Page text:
This has not just been a bad start for Chelsea and Jose Mourinho, it’s been a seismic and valuable commendation for English football. Most fans have now departed from the preposterous “best league in the world” narrative that has been endlessly shoved by shameless pundits, commentators and rubbish red top columnists; this heavy handed Premier League illuminati who won’t stop until you and your friends tell each other back and forth that “this is the best league in the world!” and then tune in to watch Fellaini starting up front for Man United.
The new narrative we can proudly own is that of the most unpredictable league in the world, and it is one in which Mourinho is playing the unfortunate part of the hubristic king losing his marbles, spearhead of an army rendered complacent by the ease of their last campaign, Jose the Great.
After Chelsea’s 3-1 defeat to Everton at Goodison Park, Mourinho lost his cool in an uncharacteristically reckless way, as reported by the Guardian:
“The Everton manager was hosting a separate, customary briefing with national newspaper journalists on a concourse outside the media room, and away from the television cameras, when Mourinho approached en route to his press conference. He interrupted Martínez’s discussion to say: “Roberto, Roberto, next time tell me to go before you because we have to travel.”
His opposite number replied:“I don’t control that, José. I don’t control that.” To which an exasperated Mourinho shouted: “F*cking hell,” before walking off.”
An alarming outburst from a man who is clearly miles outside of his comfort zone, usually a charmingly cocky soufflé of a manager – one part gentle, teasing arrogance, one part dead-eyed cowboy composure – but who here served only a triple portion of imprudent arrogance: a man at the end of his tether.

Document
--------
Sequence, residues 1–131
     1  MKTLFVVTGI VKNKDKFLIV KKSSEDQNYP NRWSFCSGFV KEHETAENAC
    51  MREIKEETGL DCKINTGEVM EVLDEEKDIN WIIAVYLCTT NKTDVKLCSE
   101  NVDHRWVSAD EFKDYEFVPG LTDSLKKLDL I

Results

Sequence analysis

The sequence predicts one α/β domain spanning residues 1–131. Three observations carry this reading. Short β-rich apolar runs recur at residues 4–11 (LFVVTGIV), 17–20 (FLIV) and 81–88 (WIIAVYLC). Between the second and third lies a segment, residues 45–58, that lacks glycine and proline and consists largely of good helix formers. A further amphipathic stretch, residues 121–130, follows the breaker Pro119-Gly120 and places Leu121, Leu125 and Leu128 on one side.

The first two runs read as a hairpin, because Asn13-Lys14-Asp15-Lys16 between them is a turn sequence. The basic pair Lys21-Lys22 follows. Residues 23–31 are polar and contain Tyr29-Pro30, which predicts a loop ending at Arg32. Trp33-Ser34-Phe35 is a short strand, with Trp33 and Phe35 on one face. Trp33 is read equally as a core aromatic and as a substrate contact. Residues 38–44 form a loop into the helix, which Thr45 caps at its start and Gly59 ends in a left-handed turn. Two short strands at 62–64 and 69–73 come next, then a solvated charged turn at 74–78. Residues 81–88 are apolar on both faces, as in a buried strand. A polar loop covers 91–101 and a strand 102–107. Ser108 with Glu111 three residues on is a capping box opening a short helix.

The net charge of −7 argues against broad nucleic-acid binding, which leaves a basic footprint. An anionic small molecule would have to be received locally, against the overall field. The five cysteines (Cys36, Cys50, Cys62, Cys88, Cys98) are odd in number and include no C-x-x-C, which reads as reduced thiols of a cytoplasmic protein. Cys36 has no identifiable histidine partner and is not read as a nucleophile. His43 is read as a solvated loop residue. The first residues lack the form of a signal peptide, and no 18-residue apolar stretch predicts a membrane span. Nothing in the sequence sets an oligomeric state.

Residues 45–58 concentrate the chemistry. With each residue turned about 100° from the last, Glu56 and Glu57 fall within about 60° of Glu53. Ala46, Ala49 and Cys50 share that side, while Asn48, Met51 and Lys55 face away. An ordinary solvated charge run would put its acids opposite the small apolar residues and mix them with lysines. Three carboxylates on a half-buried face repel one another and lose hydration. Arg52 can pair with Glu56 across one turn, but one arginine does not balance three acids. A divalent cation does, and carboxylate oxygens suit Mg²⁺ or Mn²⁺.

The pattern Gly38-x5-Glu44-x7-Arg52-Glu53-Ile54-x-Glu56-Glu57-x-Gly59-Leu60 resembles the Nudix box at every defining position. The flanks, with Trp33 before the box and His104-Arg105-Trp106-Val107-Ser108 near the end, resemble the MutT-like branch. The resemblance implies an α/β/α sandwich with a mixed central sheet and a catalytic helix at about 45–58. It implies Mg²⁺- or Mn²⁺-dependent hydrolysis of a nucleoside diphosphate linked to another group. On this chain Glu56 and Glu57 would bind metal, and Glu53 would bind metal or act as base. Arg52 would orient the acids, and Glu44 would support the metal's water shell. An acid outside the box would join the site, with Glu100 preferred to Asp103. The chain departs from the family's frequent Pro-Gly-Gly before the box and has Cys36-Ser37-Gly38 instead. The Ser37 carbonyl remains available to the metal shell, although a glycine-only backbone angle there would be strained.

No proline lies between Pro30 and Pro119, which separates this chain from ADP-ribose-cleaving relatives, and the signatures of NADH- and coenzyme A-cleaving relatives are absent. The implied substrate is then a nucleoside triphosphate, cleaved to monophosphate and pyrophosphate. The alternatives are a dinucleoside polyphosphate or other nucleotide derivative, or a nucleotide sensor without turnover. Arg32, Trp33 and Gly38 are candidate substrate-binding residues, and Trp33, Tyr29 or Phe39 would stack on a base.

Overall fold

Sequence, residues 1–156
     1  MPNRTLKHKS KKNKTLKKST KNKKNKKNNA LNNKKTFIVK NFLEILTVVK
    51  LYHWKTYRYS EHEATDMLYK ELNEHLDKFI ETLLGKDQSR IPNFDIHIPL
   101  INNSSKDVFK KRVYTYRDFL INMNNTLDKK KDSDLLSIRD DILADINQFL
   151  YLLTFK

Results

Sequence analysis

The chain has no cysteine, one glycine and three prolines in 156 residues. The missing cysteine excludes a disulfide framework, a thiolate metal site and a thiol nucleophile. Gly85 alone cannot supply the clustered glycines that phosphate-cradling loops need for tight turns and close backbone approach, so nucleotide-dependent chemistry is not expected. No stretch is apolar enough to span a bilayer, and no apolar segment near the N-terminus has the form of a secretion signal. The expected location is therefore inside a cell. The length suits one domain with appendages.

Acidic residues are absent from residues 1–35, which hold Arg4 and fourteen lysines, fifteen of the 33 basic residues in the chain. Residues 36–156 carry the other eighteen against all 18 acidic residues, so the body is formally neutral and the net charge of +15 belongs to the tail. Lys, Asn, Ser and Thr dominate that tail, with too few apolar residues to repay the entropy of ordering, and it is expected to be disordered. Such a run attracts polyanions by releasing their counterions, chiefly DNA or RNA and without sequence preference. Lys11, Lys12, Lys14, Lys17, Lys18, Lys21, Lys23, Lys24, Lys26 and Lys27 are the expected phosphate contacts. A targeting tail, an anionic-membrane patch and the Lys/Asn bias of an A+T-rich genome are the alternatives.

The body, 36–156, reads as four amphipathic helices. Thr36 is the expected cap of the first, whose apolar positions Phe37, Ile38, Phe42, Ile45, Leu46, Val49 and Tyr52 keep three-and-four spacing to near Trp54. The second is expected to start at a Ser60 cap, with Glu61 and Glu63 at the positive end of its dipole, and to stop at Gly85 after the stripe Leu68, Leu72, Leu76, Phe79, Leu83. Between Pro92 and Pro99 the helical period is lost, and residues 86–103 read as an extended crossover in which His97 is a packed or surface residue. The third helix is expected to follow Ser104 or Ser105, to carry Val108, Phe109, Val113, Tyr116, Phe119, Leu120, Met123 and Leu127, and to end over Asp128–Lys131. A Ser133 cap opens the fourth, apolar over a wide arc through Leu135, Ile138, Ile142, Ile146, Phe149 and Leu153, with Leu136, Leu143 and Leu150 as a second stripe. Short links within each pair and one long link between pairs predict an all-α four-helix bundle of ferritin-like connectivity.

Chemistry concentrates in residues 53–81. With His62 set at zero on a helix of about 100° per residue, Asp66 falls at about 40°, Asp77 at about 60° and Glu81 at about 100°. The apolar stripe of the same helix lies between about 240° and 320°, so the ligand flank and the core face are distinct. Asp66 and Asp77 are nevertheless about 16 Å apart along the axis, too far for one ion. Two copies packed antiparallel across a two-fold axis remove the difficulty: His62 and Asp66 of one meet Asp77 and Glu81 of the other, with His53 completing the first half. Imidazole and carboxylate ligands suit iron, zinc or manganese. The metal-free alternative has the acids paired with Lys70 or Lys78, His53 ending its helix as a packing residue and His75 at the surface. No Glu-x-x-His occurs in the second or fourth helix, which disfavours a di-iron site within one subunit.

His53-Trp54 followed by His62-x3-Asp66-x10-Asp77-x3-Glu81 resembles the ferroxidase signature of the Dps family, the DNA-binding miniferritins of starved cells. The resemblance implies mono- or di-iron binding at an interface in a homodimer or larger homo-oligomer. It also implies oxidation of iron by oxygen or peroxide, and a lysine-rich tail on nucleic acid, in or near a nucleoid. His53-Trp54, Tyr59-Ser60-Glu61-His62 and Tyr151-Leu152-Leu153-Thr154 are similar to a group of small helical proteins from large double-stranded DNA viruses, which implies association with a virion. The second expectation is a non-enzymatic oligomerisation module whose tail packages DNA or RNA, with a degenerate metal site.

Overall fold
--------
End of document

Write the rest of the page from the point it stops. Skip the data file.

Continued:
According to the Guardian, after Mourinho left Martinez said “When he beat us 6-3 last season he was such a nice man. I prefer him like that.” At least one manager was suave at Goodison on Saturday.
Jose’s fall from grace is quite wonderfully marked by his post-match comments from last season’s Everton visit compared with this season’s. After the cartoonish 2014 victory, he said:
“I know they (Everton) are a good offensive side, but to concede three goals is too much. All of them I can clearly define the mistakes, the people involved and where we failed.
“I want to be different in that we play better football, score more goals, but I don’t want to be different in the sense that we concede goals”
After Saturday’s defeat, he remarked:
“We need to return to the way we were when we beat Everton 6-3 last season.”
A man who eleven months ago was quite clearly unhappy at conceding three goals in that extravagant triumph is now calling for his team to go back to the way they were. The continuity of conceding three goals at Everton two years in a row is beautifully counterbalanced by Mourinho’s u-turn, his complete loss of that linear, managerial sophistry that he has always seemed to be in complete control of. This is poetic football drama at its finest. This is the most unpredictable league in the world.
After telling the media that he had spent a solid 90 minutes working on his team’s defence last season, he joked:
“I should have stayed at home with my wife.”
Well Jose, after leaking twelve goals in five games perhaps it is time not just to stay home with your wife, but to find a nice little retirement cottage together in the south of France, decorate the lawn with eleven garden gnomes, and see if you can get more out of them than you have from your cherished boys in blue so far this year.